1. If I execute (Eq 1) WITHOUT setting retain_graph=True, executing (Eq 2) gives the commonly known error for trying to backprop through one and the same (sub)graph twice, EVEN THOUGH the only thing those 2 subgraphs have in common is the parameters {W} at which they “end” so to speak. Why is that?

  2. The whole thing works if I set retain_graph=True in both the (Eq 1) and (Eq 2) executions and then execute Loss_total.backward(), but using the two retain_graph flags in the .grad-calls uses extra memory, which is kind of a waste.
    Why does the memory usage not peak at the end of the forward pass of the network, aren’t all the buffers needed in the .grad or .backward call(s) allocated exactly then?

  3. Is there any way of doing this without using any retain_graph=True (to save memory) and without doing several forward passes to regenerate the graph (to save time)?
    Maybe similar to the test example of @blackyang and @SimonW or also the test example of @smth in this post in several stages with a dummy variable, only that in my case it’s a bit different since I need the gradients of zz1 and zz2 w.r.t. the WEIGHTS of the final common layer, which would be the ‘3’ in yy = 3*xx of the test example, NOT w.r.t. the output yy of the final common layer. How could that be done?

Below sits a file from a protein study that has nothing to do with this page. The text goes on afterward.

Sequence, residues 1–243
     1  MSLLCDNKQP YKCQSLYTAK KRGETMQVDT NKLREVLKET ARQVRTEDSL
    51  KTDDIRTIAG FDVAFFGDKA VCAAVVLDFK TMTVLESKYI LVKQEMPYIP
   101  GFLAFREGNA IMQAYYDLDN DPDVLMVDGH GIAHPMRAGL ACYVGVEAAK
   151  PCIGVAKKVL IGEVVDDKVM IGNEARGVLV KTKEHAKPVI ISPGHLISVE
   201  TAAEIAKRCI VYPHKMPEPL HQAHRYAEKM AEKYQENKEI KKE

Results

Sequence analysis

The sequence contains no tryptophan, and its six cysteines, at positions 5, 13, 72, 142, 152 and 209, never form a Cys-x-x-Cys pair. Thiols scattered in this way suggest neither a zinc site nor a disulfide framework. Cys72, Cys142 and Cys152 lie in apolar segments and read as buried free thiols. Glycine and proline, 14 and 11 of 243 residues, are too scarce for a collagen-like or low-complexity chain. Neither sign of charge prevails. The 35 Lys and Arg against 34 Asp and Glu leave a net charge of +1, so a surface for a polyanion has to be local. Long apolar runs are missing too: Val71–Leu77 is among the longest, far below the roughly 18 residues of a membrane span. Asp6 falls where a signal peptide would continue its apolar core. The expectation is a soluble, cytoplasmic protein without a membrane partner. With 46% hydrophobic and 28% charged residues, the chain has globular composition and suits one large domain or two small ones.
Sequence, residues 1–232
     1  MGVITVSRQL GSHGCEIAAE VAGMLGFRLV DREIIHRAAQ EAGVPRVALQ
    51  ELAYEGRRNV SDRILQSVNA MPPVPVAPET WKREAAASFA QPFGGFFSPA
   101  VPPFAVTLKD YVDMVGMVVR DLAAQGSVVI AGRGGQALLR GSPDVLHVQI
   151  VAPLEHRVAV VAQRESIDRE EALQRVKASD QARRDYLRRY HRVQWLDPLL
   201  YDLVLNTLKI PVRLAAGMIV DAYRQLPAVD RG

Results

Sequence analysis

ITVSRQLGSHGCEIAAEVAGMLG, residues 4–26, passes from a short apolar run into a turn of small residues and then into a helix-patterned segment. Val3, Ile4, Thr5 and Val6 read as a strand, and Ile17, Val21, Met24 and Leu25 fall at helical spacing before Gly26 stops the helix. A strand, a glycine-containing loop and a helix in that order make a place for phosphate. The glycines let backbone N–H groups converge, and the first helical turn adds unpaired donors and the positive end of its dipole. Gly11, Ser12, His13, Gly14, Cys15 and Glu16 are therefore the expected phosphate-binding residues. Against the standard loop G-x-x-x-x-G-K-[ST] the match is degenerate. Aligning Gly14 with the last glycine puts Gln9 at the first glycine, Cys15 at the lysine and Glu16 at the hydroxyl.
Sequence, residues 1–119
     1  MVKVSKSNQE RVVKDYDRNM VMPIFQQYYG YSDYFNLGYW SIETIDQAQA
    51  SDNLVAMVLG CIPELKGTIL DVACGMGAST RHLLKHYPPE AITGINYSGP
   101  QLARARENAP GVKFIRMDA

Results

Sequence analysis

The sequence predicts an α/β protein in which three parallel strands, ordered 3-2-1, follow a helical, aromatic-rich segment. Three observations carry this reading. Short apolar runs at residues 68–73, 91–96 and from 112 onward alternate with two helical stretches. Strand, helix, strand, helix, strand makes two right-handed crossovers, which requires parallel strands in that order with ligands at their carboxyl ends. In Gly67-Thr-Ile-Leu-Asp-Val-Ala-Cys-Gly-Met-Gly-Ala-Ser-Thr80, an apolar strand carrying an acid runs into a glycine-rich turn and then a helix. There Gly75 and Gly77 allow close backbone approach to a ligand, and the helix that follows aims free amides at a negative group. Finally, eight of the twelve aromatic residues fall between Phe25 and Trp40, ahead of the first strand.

Long slide! Thanks to anyone who read this far. :wink:

(Jean Da Rolt) #22

Just in case anyone is still facing this problem, I usually use this code snippet to debug gradients:

def get_printer(msg):
    """This function returns a printer function, that prints information about a  tensor's
    gradient. Used by register_hook in the backward pass.
    def printer(tensor):
        if tensor.nelement() == 1:
            print(f"{msg} {tensor}")
            print(f"{msg} shape: {tensor.shape}"
                  f" max: {tensor.max()} min: {tensor.min()}"
                  f" mean: {tensor.mean()}")
    return printer

def register_hook(tensor, msg):
    """Utility function to call retain_grad and Pytorch's register_hook
    in a single line

You just need to call register_hook and pass the tensor you want to see the gradients and a message that may help you to identify who is responsible for that gradient. I usually use it in conjunction with pdb.

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(Deepak Mangla) #23

Got any solution for this?

(Keyur Paralkar) #24

Awesome !!. This worked for me. Thanks @apaszke